What the One Rand Man Teaches Us About Budgeting


Why are South Africans such poor savers? Why do we never seem to have enough money to see us through the month, and spend more than we earn?

Living on only R1 coins for the entire month, the 32-year-old Cape Town-based architectural consultant is realising that in our modern, card-based society, we have lost our connection with our money and we no longer feel the implications of our spending.

Three weeks into a social experiment by Sanlam for National Savings Month to take a deeper look at our relationship with money, the One Rand Man is finding out.

Living on only R1 coins for the entire month, the 32-year-old Cape Town-based architectural consultant is realising that in our modern, card-based society, we have lost our connection with our money and we no longer feel the implications of our spending.

After many long hours of counting his salary – paid out to him in R1 coins – on his living room table, the One Rand Man has divided up his coins into piles to pay all his monthly expenses, and placed them in plastic containers.

His expenses include taxes, car payments, rent, pension and medical aid contributions, credit card debt, utilities such as water and electricity, and general spending money. He is now faced with some nasty surprises.

“None of this is making any money for me, it seems a little bit silly. Everything is just going to disappear,” he says. “This is all I have left,” he realises looking at the containers with his spending money for the month.

The One Rand Man’s biggest monthly expense is his car payment. “Too much is going towards my car – I don’t know why I got such an expensive car. I don’t know if it is peer pressure or society – I could easily have got a car for a smaller amount and the rest could have gone to savings.”

Another large expense is his credit card debt. “This really makes you think twice about taking out a loan – how much you have to pay back at the end of the day.”

So what do the experts say about the One Rand Man’s experience so far? According to Sanlam’s investments economist Arthur Kamp, a key learning from his experiment is the power of budgeting. “It means understanding how much money you are getting in, and understanding exactly where all of that money is going, as the One Rand Man is doing.”

Kamp says the One Rand Man is not saving nearly enough towards retirement. Also interesting to note that he sees his pension as an expense like rent or tax, and not as a savings that is in fact making money for him in the long term. This is unfortunately a mindset shared by many young South Africans, and one that needs to be shifted to enable them to one day retire comfortably.

“Looking at his Tupperware budget, his money piles look a bit out of sync in terms of what he is putting away for retirement. His allocation towards his car payment – a depreciating asset – is very high. The important principle here is compound interest – known as the eighth wonder of the world. It becomes very powerful the longer you can let it work. Even very small amounts put away towards savings and retirement when you are young, make a huge difference when you are older.”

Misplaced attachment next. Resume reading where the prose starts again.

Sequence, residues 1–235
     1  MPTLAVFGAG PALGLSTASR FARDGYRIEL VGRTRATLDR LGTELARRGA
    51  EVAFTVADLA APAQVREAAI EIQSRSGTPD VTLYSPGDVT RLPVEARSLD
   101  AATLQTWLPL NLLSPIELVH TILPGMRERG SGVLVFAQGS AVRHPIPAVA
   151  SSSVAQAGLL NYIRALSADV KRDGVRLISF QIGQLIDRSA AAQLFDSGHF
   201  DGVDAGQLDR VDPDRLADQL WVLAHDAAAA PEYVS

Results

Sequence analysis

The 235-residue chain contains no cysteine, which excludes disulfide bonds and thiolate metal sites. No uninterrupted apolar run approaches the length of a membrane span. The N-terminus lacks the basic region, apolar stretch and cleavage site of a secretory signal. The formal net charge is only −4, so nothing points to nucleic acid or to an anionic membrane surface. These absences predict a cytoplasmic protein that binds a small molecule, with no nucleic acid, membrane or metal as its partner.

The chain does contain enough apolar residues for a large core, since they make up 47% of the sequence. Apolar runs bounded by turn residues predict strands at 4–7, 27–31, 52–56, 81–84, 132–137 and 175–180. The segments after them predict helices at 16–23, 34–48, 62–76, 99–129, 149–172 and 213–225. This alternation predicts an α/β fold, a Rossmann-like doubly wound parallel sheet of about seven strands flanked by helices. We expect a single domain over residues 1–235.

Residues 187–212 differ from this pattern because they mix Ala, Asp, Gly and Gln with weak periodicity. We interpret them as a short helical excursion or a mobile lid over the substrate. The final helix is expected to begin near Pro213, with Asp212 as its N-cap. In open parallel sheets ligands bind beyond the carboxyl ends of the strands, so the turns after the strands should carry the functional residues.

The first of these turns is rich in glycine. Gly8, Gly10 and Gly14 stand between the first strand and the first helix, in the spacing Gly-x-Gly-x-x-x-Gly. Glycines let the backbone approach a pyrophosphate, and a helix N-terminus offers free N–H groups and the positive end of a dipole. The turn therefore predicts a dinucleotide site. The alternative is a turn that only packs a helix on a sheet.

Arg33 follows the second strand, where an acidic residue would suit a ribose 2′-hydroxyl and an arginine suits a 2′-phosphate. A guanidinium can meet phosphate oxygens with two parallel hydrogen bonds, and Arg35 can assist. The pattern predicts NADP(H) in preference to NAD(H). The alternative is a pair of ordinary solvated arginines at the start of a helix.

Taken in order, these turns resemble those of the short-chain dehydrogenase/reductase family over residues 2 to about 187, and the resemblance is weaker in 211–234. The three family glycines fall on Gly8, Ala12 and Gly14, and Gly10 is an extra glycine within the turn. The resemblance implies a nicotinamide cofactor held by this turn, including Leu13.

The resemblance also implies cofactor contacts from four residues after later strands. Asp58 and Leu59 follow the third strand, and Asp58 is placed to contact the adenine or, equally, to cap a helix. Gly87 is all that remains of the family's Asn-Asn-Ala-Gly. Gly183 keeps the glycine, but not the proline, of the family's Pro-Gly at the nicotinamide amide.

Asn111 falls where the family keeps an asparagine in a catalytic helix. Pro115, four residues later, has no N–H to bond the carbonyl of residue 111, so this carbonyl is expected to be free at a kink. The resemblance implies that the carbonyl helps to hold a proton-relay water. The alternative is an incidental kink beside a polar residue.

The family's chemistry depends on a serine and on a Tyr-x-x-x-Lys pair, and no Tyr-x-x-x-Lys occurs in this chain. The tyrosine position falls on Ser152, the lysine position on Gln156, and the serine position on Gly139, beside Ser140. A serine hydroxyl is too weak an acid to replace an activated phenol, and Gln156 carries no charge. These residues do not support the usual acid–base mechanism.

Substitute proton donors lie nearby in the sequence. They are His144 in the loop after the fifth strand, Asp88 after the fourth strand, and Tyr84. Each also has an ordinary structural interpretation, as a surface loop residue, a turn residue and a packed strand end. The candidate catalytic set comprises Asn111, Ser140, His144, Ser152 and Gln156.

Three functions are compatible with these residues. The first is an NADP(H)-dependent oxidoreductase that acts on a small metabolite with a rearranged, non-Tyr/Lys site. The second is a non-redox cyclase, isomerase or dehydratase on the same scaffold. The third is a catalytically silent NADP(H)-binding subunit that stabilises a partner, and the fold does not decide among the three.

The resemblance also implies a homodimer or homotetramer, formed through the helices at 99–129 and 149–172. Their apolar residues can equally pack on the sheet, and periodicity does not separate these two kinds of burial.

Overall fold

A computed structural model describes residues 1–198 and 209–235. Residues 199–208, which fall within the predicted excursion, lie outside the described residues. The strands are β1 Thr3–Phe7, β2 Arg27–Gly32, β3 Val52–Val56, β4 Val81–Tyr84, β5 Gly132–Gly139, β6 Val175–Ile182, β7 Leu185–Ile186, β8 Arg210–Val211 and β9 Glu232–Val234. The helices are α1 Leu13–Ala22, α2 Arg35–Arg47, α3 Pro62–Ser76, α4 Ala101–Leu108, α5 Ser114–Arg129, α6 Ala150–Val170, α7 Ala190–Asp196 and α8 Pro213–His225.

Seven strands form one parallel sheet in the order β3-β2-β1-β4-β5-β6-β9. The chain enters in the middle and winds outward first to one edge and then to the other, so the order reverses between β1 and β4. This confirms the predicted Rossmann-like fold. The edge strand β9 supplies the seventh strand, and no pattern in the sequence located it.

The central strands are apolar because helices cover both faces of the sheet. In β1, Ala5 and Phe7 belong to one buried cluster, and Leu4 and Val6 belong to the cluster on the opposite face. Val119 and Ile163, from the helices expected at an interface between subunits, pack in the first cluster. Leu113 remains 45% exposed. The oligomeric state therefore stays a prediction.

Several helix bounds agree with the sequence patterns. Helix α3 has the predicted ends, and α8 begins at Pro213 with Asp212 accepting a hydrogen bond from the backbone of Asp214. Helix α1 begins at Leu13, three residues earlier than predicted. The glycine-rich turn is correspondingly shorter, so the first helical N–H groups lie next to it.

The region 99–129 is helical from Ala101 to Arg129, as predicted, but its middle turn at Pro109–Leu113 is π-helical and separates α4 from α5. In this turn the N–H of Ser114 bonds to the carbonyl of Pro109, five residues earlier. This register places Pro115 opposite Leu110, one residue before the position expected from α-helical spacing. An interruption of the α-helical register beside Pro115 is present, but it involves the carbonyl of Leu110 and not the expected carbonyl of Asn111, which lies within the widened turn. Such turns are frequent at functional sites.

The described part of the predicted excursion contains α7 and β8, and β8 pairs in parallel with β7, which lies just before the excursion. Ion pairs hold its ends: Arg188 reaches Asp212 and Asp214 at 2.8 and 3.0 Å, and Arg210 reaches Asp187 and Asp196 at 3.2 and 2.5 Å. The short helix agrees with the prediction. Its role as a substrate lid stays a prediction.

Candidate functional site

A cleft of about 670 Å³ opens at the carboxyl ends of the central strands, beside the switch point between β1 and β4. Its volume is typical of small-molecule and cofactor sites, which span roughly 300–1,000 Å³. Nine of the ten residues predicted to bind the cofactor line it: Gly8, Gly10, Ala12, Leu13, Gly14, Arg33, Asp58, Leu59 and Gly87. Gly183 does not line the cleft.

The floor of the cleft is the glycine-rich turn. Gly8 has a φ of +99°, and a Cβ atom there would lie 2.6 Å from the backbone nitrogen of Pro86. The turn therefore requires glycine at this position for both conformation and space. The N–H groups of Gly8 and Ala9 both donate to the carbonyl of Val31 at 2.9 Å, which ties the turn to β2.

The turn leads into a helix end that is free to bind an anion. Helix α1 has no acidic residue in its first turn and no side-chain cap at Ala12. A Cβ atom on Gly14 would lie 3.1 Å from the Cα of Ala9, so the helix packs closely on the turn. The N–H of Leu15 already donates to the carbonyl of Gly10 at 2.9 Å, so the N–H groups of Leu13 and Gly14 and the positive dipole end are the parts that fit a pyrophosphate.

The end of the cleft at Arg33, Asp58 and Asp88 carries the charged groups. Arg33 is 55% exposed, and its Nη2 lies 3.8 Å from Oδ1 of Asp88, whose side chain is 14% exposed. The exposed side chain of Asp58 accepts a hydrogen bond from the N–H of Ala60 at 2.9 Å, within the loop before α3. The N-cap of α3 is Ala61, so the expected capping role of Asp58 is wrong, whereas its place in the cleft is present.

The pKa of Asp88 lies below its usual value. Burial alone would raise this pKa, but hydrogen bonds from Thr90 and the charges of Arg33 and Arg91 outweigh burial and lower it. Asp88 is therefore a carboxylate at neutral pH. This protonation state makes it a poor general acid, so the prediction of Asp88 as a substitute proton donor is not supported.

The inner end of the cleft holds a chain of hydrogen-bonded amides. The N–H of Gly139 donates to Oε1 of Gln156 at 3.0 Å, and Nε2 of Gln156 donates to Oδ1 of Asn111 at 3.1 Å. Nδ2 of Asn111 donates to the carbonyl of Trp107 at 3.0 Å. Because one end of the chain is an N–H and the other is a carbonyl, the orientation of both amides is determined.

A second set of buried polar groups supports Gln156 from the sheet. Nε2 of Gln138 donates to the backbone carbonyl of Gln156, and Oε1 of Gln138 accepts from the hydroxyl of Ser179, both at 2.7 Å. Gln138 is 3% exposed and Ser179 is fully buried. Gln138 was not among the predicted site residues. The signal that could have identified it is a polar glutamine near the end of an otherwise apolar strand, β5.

He says all South Africans can have a healthier relationship with money by firstly, understanding what money is. “It is not just something with which to pay for goods and services, it is also potentially an asset.

Every Rand that you spend, is an opportunity lost to allow that money to work for you by earning interest or dividends, and growing over time. Using a credit card to pay for goods and services is not money – it is someone else’s money that you have borrowed and that you have to pay back, most likely with interest.”

Kamp says it is crucial to start saving as young as possible. “National Savings Month is not only this month, it is every month from the day that you start earning a salary.”

Now that the One Rand Man has “drawn up” his budget, he will have to physically manage every R1 he spends from his plastic containers. His bank accounts, bank cards and debit orders have all been frozen for the month, so this will be all he has.

For the rest of July, South Africans can follow his experiences in making large payments in coins, how his usual lifestyle choices are affected and finally how he deals with the end of the month when he potentially only has a few coins left.

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Article by Sanlam

Follow the One Rand Man’s story on onerandman.sanlam.co.za, on Twitter or Instagram. The third documentary episode of his experience is available on Sanlam’s YouTube channel along with commentary and analysis by the experts.


Sanlam is a leading financial services group listed on the JSE Limited and the Namibian stock exchange. Since its inception in 1918, Sanlam has transformed itself from a life insurance company to a fully diversified financial services business with assets of more than R560 billion and a global footprint. Areas of expertise include insurance, financial planning, retirement, investment and wealth, with comprehensive and tailored financial solutions to individual and institutional clients. For further information, visit www.sanlam.co.za or follow us on @sanlam


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